The core idea of the PORPOISE Robotics curriculum is creating multiple low thresh-hold high ceiling approaches to help students understand and gain facility with what is known as "systems integration".
At the end of the day, when you really think about it, what we are trying to do as STEM educators is really less about teaching "programming" or how to "make robots" per se (though those are, of course, the super-fun and important vehicles we use for stimulating and nurturing cognitive growth toward systems integration acumen) and even less about finding cool ways to help students master math and science. What we are trying to do really is help our citizenry to truly understand how to problem solve through "making things talk" and making things work.
Our goals as a society, and hence the primary goals of this program, are really rather more about "object oriented hardware construction" and "object oriented software programming" and the long hard road we tread as we strive to learn ways to improve communication between systems... technological systems sure, but not only those... systems integration also involves good cross-talk between people, and communities, and nations, and ecological and industrial systems.
In systems integration "individual hardware, software and wetware components are
made interoperable with each other and other components, such as common sense knowledgebases, in order to create larger, broader and more capable A.I. systems, vehicular systems and sensory input and
actuator capable platforms" (so sayeth the venerable Wiki, with my own additions...).
Most systems in use today already involve some sort of integrated technologies, wikipedia informs us, " however, in recent years there has been an increasing discussion on the importance of systems integration as a field in its own right... Proponents of this approach are researchers such as Marvin Minsky, Aaron Sloman, Deb Roy, Kristinn R. Thórisson and Michael A. Arbib. A reason for the recent attention A.I. integration is attracting is that there have already been created a number of (relatively) simple A.I. systems for specific problem domains (such as computer vision, speech synthesis, etc.), and that integrating what's already available is a more logical approach to broader A.I. than building monolithic systems from scratch."
PORPOISE seeks to follow this model and introduce the students to and get them "mission ready" for this emerging and powerful field in engineering. By focusing on "integrating what's already available",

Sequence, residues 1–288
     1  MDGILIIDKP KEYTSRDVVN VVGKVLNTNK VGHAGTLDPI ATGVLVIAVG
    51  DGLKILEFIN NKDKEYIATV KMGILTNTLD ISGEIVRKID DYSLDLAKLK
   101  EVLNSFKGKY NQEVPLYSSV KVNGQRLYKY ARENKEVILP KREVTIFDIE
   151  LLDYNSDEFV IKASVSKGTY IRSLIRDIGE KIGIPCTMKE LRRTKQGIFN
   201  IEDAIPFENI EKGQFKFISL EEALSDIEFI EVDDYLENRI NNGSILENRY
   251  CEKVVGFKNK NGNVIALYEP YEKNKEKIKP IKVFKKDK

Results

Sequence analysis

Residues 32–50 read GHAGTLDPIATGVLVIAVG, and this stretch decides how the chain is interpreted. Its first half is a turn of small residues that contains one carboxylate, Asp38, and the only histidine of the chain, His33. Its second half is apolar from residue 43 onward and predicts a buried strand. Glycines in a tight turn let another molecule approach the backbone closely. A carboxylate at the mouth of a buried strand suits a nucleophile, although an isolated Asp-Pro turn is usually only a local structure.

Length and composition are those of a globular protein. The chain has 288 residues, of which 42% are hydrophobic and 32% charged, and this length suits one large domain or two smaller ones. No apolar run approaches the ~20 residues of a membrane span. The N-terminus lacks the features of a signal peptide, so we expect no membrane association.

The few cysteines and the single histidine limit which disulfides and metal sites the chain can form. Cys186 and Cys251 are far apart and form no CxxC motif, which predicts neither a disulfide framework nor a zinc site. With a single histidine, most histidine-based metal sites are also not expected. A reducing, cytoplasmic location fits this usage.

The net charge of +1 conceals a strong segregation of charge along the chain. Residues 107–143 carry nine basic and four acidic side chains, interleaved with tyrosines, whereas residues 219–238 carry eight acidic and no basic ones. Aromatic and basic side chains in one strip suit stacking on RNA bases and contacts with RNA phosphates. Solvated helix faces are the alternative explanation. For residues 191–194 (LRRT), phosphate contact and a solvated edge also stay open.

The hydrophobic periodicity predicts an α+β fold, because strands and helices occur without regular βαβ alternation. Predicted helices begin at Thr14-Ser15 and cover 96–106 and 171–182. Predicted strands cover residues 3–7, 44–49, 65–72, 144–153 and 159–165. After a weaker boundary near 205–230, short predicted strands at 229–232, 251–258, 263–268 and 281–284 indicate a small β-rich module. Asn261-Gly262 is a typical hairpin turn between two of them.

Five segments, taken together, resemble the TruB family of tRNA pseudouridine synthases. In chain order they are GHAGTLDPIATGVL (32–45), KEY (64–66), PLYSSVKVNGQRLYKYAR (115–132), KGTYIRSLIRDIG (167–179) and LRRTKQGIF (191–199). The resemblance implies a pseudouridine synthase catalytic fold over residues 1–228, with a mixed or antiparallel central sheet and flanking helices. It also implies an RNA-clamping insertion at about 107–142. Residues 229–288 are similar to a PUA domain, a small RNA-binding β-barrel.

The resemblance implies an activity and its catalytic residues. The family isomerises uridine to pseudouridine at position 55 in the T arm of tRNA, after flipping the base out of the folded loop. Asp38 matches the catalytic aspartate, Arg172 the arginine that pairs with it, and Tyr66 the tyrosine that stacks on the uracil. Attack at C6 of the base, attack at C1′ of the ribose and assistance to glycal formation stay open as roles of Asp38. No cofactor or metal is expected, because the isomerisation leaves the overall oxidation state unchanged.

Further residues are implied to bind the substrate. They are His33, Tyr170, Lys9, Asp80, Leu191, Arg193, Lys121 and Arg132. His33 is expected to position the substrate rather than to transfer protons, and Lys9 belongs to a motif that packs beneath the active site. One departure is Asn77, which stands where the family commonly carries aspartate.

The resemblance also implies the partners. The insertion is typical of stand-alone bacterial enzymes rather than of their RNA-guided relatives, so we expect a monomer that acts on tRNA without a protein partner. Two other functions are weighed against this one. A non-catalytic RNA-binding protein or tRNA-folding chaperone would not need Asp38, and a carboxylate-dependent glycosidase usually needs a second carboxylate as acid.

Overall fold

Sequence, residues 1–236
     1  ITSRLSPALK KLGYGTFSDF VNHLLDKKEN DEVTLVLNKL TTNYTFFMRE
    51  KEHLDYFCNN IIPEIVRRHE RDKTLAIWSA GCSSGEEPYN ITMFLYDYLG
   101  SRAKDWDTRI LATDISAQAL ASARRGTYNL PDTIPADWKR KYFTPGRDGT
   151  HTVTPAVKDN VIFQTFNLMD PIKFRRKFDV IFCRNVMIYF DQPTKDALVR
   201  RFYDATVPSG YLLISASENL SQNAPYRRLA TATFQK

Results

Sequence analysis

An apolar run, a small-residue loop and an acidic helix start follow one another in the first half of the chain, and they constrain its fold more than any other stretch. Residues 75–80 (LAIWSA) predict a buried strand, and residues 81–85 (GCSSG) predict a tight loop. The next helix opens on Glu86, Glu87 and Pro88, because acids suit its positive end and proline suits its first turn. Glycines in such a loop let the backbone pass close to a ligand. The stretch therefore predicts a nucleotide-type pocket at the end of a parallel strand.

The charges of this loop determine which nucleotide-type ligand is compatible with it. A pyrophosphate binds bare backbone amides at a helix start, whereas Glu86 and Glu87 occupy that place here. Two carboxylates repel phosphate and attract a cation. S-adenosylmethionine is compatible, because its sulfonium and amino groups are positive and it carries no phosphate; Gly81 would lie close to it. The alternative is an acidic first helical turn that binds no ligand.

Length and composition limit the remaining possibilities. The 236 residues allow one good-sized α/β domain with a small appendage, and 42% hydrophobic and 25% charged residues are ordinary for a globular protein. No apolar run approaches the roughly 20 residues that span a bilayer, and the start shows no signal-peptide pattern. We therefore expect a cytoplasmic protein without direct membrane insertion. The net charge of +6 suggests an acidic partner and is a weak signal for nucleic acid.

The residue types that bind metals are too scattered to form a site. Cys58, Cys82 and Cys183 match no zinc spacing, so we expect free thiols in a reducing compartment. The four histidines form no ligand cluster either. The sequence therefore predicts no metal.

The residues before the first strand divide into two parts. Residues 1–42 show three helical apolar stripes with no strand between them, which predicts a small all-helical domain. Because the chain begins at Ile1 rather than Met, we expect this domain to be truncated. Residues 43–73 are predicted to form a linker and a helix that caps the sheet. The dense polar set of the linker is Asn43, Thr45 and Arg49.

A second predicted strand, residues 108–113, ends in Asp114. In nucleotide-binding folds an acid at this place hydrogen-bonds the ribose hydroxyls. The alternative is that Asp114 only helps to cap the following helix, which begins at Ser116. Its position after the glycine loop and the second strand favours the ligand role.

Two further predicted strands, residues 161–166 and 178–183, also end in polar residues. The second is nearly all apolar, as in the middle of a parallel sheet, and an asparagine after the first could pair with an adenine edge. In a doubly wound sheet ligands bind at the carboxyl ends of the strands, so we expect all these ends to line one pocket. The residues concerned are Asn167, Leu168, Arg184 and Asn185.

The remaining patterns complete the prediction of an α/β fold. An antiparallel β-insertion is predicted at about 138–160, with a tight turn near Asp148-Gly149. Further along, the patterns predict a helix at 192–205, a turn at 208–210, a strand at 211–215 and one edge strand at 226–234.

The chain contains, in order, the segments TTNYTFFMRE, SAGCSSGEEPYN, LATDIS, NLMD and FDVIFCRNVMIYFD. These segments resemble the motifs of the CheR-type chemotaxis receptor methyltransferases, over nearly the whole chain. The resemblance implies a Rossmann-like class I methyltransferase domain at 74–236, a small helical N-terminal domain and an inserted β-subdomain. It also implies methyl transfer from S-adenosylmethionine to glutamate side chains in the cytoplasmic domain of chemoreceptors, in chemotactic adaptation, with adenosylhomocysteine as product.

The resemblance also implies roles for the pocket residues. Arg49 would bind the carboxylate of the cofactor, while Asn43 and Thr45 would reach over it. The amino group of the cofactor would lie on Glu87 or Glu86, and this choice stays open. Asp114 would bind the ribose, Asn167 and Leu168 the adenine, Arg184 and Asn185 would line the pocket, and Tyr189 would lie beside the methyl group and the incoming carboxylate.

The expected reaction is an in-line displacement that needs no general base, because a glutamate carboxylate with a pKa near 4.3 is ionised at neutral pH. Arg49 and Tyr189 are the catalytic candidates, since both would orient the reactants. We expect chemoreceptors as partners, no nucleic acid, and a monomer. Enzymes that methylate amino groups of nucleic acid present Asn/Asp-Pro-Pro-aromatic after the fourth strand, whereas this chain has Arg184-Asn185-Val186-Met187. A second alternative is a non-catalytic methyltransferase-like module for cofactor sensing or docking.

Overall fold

piggybacking on the Sea Perch model and extending out to enhanced capability through common platform agnositic, open-architecture and open source sensors, actuators, AI and programming software, surface
vehicles constructed from the same readily available materials, and a plethora and plurality of possible off-the shelf microcontrollers, motor-shields and motors, servos, cameras, circuit boards, the
PORPOISE curriculum uses stakeholder (student, parent and teacher) involvement, experience and creativity to evaluate and suggests "best-practice" pathways for integrating these systems without building "monolithic systems from scratch".
Graduates of the program will come away with a nuanced understanding of applied problem-solving that favors flexible approaches to "making things work together". Our methodology is based on The
Constructionist design methodology (CDM, or 'Constructionist A.I.') which is "a formal methodology proposed in the year 2004, for use in the development of cognitive robotics, communicative humanoids and
broad AI systems. The creation of such systems requires integration of a large number of functionalities that must be carefully coordinated to achieve coherent system behavior."
The free software movement and the open architecture movements have already made powerful tools "available for public exploit... The next natural step is to merge these individual software components into
coherent, intelligent systems of a broader nature. As a multitude of components (that often serve the same purpose) have already been created by the community, the most accessible way of integration is
giving each of these components an easy way to communicate with each other. By doing so, each component by itself becomes a module which can then be tried in various settings and configurations of larger architectures."
By focusing on systems integration, the PORPOISE curriculum, making use of the numerous on-line communities of tinkerers and inventors and engineers, and the ever-evolving sets of software and hardware tools coming down the pike and on-line, will never go out of date, but can always adapt to this dynamic and expanding field where the obsolescence of certain platforms and modules is inevitable, but where
we never want to see people feel their job prospects will dim as technology changes.